I do some translating myself too. Already quite a long while ago I translated texts for a web application running on a small company’s website and came across a placeholder that didn’t have much information attached to it. I could see the placeholder’s name and the sentence it was embedded in. For that particular application, the placeholder name usually revealed what it was about. What I assumed it to be was the name of the user’s company/product. That made the sentence a bit difficult to translate due to Finnish grammatics, but I managed to build a somewhat natural sentence out of it anyway.
A while after that I browsed to the web site and saw what my translations looked like. Awful. The sentence structure was in some cases clumsy, in some cases the meaning was simply wrong. The placeholder didn’t stand for the user’s company/product, but for the website/service where it was used. And based on earlier translations in the translation memory I wasn’t the only translator who had been mistaken.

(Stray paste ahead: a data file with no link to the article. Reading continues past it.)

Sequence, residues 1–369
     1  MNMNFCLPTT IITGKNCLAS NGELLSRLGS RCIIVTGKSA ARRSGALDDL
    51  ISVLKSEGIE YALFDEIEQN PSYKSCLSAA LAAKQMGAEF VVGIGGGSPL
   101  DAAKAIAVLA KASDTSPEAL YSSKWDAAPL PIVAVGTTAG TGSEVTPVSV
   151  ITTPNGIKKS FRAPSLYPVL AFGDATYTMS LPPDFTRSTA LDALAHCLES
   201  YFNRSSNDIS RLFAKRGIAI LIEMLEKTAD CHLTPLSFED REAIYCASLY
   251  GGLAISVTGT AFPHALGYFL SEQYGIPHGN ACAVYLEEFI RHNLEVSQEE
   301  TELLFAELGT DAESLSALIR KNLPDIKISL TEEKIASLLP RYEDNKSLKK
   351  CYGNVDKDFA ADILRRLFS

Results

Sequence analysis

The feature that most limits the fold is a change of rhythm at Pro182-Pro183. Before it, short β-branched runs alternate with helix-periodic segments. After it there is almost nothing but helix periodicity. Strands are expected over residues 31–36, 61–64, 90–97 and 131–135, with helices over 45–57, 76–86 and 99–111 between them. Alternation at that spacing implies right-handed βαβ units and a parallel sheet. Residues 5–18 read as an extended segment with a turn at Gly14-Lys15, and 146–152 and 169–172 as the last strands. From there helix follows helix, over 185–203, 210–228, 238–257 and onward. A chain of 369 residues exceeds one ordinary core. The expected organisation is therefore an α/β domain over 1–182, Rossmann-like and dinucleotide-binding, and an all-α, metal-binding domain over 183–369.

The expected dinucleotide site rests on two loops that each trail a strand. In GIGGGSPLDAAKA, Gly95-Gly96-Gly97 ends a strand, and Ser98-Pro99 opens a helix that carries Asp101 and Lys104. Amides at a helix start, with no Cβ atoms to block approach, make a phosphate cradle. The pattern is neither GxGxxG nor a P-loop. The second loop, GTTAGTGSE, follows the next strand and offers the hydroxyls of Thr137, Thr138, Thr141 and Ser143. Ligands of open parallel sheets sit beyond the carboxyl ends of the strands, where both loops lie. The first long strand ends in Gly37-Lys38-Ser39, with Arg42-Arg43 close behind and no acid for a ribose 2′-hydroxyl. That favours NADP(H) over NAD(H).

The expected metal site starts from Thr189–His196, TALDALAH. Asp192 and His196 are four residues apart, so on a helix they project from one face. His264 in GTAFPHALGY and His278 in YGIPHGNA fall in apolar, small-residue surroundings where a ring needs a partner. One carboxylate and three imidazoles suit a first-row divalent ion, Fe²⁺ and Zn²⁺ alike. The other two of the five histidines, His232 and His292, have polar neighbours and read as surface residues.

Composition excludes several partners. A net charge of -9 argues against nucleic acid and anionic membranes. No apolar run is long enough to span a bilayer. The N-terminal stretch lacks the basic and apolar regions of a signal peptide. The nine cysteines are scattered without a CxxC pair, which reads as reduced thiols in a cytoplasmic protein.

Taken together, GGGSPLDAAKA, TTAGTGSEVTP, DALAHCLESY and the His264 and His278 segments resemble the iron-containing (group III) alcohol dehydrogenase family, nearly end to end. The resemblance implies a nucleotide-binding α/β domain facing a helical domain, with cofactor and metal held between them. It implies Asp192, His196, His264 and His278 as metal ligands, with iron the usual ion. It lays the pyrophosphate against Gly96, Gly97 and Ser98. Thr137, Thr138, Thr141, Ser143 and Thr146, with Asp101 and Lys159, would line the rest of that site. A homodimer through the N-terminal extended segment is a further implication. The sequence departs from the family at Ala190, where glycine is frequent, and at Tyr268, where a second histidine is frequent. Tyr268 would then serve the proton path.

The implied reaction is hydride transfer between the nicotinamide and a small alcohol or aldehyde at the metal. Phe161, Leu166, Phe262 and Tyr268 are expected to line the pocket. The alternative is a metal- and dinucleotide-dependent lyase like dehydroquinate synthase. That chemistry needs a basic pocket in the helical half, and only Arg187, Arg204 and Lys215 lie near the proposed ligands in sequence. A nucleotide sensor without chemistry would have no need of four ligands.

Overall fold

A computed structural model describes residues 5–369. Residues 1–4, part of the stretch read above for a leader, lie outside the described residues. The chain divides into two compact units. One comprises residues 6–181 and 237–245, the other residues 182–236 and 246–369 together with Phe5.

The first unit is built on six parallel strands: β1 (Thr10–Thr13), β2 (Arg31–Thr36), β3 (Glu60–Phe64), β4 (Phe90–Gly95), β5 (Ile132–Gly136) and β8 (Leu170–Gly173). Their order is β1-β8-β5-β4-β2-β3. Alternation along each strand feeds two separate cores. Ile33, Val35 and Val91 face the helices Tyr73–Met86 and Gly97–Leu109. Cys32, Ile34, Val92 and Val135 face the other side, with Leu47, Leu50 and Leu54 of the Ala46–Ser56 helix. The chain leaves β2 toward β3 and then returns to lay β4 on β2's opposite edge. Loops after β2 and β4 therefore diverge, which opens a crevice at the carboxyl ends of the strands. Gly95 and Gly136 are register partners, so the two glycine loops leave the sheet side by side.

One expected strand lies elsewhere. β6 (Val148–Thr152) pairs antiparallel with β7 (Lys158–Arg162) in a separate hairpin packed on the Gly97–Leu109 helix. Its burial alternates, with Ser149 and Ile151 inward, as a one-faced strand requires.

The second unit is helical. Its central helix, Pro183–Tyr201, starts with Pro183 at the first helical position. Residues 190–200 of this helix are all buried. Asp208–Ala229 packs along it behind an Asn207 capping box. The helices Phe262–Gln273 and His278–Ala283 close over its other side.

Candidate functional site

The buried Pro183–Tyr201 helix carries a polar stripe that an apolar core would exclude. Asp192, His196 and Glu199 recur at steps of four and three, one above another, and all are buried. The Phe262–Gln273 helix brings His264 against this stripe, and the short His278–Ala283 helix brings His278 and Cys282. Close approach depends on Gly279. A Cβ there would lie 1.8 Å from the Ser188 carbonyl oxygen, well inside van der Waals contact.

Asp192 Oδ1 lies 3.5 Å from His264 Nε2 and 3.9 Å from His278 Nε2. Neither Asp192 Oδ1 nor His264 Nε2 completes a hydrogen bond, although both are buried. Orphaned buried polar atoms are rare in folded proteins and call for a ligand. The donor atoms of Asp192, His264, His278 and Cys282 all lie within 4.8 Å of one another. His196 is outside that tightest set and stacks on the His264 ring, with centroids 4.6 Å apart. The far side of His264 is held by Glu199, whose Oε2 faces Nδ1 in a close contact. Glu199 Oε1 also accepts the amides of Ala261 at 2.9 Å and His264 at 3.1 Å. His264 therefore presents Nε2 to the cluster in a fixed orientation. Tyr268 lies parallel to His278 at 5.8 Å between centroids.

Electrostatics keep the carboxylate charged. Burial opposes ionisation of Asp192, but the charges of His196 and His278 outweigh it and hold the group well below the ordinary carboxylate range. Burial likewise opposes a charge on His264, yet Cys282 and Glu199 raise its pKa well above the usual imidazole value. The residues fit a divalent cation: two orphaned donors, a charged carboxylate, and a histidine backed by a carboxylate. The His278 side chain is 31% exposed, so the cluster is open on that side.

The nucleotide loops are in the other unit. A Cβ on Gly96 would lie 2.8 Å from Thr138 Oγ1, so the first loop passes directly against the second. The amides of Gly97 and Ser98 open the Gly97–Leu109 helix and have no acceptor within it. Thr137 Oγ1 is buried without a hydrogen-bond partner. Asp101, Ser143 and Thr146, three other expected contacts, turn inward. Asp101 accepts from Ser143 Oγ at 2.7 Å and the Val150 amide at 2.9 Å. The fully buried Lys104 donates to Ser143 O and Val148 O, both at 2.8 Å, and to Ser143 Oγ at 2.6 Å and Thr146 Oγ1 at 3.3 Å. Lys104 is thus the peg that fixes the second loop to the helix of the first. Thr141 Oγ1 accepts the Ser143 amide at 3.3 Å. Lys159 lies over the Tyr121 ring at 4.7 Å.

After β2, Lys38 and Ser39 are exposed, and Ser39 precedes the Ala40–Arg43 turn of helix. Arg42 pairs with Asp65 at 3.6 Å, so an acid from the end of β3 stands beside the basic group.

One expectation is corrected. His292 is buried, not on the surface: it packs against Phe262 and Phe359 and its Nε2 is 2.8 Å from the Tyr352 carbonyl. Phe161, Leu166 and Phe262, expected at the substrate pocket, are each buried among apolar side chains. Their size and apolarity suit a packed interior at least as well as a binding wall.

After that I sent an email to my contact person at one of the many agencies between me and the end client, and pointed this out. What happened? Nothing. The translations are still there. (But you shouldn’t really blame the project manager, as he was probably constantly swamped with email. Localization project managers usually are.)
What did I learn from this? Well, first of all it is critical to include enough information about placeholders for the translators. Even if they would be experienced users of the application, it might not become clear to them what different placeholders mean. Secondly, it’s important to have a translation process that supports communication and updates even after the initial translation has been finished. Communication has to be so easy that important issues aren’t left lying around even by mistake.